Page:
Portable binnacle compass by G. Wilson, London
A rare georgian liquid filled binnacle compass by GEORGE WILSON, London, C.1825 with 5 inch compass card sealed within a rigid liquid-filled brazed brass bowl, signed on the rim George Wilson 23 Sherwood St. London W, mounted on a square brass foot with mahogany base 37.5cm high.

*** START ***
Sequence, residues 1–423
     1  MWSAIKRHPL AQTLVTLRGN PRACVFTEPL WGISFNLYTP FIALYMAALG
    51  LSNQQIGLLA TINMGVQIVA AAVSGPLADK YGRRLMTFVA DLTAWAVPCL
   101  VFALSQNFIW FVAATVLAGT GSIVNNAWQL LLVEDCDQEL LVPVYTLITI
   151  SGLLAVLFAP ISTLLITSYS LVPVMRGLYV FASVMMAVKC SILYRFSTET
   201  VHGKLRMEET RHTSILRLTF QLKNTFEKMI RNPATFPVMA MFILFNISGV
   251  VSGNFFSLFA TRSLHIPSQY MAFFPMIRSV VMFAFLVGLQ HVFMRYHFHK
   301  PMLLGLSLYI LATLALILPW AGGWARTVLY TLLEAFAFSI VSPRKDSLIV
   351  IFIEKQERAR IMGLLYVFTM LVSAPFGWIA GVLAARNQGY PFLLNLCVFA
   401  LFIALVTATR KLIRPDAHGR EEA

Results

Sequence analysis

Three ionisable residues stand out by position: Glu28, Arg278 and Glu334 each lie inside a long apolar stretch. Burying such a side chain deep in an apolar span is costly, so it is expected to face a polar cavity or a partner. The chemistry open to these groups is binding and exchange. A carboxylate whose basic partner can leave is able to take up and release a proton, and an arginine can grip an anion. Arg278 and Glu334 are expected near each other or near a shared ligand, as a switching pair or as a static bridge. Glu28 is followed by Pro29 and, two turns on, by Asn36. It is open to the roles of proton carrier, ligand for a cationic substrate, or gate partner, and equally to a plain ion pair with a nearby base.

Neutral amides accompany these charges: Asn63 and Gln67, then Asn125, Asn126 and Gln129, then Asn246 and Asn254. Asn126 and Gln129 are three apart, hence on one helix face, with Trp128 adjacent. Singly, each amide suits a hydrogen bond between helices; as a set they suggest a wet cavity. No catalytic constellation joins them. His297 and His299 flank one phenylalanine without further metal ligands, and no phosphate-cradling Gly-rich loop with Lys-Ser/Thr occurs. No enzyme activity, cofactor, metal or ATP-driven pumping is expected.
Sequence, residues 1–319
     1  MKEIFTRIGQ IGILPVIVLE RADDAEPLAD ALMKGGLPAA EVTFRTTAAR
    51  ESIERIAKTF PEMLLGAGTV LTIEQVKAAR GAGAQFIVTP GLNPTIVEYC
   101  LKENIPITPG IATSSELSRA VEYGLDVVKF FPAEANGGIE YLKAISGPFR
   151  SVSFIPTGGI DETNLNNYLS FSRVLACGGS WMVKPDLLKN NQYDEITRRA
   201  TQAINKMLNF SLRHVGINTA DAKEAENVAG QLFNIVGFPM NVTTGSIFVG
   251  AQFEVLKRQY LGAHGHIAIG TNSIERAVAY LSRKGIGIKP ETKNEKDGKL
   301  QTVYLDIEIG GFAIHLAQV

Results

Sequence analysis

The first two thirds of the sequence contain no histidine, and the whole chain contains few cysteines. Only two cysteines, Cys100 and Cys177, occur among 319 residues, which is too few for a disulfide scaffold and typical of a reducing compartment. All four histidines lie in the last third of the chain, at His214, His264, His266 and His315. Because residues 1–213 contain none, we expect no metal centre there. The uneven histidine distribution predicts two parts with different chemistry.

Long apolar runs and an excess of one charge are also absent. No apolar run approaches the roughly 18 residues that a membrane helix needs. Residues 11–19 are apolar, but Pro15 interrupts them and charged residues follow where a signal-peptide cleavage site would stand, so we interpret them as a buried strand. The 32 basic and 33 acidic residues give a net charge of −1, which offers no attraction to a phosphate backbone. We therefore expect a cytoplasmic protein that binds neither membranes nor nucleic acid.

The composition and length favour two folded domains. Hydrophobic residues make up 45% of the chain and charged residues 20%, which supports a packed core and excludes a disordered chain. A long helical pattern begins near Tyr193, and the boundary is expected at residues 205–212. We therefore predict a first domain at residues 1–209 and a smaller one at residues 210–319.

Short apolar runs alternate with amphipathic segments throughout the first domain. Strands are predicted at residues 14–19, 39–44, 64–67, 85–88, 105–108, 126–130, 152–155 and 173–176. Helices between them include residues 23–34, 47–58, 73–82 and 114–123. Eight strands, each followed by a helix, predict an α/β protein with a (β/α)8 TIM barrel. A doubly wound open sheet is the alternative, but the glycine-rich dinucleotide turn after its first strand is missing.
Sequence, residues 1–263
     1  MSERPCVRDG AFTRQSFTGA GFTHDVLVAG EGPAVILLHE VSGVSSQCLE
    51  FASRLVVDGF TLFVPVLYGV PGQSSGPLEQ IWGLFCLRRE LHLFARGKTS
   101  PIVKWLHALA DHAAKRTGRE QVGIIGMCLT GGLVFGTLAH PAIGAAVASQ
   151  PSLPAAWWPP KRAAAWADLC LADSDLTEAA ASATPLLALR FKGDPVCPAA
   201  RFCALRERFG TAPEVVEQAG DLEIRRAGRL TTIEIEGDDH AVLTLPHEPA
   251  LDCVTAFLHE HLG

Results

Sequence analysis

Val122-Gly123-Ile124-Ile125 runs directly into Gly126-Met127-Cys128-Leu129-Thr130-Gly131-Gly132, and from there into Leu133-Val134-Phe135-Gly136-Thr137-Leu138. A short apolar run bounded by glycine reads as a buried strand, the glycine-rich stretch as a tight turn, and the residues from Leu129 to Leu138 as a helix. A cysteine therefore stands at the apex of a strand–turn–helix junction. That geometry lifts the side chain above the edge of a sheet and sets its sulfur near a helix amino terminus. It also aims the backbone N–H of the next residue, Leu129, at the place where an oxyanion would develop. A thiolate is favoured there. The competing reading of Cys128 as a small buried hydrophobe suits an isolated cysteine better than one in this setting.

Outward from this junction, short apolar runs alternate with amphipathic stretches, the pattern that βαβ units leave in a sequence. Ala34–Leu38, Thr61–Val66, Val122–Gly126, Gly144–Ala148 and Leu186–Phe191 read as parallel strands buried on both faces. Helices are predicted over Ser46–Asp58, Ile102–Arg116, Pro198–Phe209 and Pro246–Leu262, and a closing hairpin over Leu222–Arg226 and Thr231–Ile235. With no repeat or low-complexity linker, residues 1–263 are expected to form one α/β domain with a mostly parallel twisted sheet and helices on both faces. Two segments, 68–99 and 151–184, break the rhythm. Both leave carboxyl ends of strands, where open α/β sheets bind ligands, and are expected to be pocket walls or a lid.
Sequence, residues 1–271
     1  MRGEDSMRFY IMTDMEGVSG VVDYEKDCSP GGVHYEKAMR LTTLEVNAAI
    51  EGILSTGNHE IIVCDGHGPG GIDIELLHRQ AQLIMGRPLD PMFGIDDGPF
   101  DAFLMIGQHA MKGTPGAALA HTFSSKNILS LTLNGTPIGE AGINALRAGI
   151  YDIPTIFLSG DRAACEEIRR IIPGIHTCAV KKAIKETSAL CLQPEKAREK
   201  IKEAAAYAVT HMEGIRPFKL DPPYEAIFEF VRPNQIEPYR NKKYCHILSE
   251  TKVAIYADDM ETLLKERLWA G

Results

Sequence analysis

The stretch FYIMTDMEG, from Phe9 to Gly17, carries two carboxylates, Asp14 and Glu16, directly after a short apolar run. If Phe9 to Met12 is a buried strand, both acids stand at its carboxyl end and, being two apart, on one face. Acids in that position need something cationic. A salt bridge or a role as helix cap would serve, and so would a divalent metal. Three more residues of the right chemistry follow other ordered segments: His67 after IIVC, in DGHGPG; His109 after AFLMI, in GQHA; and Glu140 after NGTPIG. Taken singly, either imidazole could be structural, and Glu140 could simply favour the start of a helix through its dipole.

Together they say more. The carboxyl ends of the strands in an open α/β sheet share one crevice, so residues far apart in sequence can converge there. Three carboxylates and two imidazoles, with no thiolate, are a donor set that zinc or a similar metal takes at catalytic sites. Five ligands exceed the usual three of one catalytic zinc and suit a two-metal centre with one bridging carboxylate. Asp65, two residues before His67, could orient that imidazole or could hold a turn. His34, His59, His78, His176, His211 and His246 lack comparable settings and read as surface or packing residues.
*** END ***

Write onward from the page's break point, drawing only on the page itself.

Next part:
This is probably the same George Wilson who is recorded as making binnacles from 20 Glasshouse St., Piccadilly in 1825. Although liquid-filled compasses were demonstrated by Sir Edmund Halley to the Royal Society as early as 1690, the first liquid-filled mariner’s compass believed practicable for limited use was patented by Francis Crow in 1813. Liquid-damped marine compasses for ships and small boats were only occasionally used by the Royal Navy, the standard Admiralty compass remained a dry-mount type. Despite these advances, the liquid compass was not introduced generally into the Royal Navy until 1908.